Noted cancer scientist takes helm at Tucson-based C-Path
02/01/2012 | Arizona Daily Star

A former National Cancer Institute scientist has taken the helm of the Tucson-based Critical Path Institute, a non-profit, independent institute dedicated to improving the drug development process. Dr. Carolyn Compton joined C-Path as president and CEO, C-Path announced today. She replaces C-Path founder Dr. Raymond Woosley, who announced last year he would step down.

Skin-cancer drug tested in Valley approved by FDA
01/31/2012 | Arizona Republic | Sonja Haller

The Food and Drug Administration’s approval of a new drug studied in the Valley gives hope to patients with a type of advanced skin cancer — patients who, until now, had no other treatment options. The approval also marks the first time that a drug has received a federal green light after clinical trials performed in a standing partnership between Scottsdale Healthcare and the Translational Genomics Research Institute in Phoenix.

Arizona’s bioscience industry prospers
01/31/2012 | Arizona Republic | Ken Alltucker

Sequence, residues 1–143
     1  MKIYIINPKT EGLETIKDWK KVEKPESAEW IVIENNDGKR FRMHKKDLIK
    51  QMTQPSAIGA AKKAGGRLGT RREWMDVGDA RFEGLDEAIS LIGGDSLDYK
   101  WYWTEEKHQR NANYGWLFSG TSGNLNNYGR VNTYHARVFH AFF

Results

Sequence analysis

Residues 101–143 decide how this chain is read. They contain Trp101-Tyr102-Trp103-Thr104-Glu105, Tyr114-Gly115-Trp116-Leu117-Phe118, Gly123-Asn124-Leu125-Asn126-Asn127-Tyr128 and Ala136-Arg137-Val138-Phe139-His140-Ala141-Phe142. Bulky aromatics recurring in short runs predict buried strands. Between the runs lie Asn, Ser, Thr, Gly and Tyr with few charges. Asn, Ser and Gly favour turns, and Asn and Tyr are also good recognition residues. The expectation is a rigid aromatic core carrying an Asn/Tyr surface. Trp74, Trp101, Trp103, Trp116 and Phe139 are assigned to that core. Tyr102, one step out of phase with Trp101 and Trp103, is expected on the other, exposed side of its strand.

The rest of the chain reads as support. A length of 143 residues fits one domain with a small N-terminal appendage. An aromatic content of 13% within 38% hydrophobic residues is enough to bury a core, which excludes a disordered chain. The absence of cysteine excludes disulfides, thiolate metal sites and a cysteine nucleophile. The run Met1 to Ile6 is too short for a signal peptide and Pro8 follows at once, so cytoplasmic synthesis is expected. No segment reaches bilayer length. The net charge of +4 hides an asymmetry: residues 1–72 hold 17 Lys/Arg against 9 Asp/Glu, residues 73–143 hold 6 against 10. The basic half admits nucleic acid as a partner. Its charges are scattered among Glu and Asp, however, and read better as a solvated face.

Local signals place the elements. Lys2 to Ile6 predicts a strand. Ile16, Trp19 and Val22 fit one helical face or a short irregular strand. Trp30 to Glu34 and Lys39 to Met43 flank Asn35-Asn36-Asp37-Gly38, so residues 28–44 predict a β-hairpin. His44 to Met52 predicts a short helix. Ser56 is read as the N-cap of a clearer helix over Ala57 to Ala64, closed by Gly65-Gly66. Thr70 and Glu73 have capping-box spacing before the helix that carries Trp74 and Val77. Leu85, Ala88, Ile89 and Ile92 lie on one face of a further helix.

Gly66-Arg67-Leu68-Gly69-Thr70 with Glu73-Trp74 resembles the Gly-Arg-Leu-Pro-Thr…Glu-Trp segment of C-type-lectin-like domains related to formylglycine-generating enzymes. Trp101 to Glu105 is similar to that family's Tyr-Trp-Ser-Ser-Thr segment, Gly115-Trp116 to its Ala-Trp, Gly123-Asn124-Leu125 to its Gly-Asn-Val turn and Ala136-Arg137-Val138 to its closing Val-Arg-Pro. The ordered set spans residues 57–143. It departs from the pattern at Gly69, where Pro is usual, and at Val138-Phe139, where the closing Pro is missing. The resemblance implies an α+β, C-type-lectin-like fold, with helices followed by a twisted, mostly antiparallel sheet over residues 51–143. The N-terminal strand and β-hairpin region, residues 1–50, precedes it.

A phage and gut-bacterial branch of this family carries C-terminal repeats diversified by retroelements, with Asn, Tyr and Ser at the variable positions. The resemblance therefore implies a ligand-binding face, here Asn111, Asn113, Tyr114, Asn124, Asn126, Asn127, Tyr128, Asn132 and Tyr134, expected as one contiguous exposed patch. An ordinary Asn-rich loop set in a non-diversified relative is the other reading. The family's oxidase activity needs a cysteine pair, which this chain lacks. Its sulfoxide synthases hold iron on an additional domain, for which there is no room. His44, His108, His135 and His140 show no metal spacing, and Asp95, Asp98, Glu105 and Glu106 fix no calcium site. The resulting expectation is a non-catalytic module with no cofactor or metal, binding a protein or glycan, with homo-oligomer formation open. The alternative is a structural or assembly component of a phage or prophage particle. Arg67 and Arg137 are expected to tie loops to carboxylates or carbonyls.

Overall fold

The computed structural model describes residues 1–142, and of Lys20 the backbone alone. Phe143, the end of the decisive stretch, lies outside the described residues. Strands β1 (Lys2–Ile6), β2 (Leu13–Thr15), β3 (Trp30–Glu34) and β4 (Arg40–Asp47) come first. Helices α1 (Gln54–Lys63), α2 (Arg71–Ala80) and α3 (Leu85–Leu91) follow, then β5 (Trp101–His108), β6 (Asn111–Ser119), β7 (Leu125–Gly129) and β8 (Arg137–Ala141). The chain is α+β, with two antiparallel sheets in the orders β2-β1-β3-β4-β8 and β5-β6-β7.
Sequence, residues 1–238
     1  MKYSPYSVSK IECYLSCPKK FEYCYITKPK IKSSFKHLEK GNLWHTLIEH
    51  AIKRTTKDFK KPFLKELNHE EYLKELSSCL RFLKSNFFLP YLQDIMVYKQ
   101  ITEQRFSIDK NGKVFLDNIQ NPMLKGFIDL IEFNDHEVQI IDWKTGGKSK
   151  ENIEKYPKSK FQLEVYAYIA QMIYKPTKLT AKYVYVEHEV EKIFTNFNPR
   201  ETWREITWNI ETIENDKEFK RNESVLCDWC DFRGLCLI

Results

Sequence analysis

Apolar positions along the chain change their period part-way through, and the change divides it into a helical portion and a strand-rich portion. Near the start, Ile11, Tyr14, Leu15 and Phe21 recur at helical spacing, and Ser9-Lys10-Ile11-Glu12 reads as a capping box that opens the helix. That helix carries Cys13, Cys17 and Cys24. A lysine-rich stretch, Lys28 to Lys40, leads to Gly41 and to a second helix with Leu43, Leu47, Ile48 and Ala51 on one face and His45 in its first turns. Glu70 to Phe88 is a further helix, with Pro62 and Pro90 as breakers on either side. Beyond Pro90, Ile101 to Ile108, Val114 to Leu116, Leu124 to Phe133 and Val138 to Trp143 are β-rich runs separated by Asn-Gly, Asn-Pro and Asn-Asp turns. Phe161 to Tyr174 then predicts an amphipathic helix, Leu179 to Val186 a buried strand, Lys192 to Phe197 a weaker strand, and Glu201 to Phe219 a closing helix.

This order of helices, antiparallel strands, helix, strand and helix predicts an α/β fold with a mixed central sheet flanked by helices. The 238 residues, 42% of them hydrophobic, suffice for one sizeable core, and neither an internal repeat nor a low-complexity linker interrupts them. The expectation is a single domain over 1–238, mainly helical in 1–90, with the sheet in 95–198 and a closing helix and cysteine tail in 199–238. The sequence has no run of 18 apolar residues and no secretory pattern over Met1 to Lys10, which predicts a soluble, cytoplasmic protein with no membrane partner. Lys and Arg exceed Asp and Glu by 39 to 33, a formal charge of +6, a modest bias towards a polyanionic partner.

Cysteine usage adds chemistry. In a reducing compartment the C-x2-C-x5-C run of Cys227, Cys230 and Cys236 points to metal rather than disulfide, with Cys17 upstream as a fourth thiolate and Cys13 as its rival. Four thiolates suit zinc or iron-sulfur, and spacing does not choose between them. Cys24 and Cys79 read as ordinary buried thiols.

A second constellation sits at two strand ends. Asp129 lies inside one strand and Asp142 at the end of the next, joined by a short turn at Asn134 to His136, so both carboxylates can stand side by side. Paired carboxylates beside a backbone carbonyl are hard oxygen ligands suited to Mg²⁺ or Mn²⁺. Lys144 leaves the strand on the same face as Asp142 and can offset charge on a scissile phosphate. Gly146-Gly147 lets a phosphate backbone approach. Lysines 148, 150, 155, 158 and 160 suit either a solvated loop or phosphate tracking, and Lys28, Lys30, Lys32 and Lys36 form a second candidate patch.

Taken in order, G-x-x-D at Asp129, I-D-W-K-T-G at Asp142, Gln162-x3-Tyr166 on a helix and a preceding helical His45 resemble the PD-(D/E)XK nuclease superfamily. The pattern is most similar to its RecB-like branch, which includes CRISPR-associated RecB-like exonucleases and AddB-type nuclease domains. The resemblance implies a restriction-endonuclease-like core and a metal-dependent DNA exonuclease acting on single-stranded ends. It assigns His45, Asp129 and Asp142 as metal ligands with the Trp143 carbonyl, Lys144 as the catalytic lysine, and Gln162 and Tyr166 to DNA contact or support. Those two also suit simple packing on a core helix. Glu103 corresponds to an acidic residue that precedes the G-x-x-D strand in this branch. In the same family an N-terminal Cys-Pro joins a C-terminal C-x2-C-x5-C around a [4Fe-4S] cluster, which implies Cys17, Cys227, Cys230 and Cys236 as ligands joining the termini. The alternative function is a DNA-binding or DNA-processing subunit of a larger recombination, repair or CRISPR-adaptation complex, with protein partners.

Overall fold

Arizona’s bioscience industry posted gains in jobs after the recession even as the state’s private-sector employment dipped, according to a new report. Other bright spots for the state’s bioscience sector included a surge of venture-capital funding last year as several private-sector biotech companies secured large funding rounds.

Flinn Foundation: Arizona bioscience jobs on the rise
01/31/2012 | Phoenix Business Journal | Angela Gonzales

Despite the recession, bioscience jobs are on the increase, according to the Flinn Foundation’s Arizona Bioscience Roadmap update, released today. The number of bioscience jobs increased by 7.4 percent during the postrecessionary period of 2009-10, compared with a 1.8 percent decline for the state’s overall private sector, according to the annual study conducted by the Battelle Technology Partnership Practice.

Huge fest salutes science, technology
01/30/2012 | Arizona Republic | Jennifer McClellan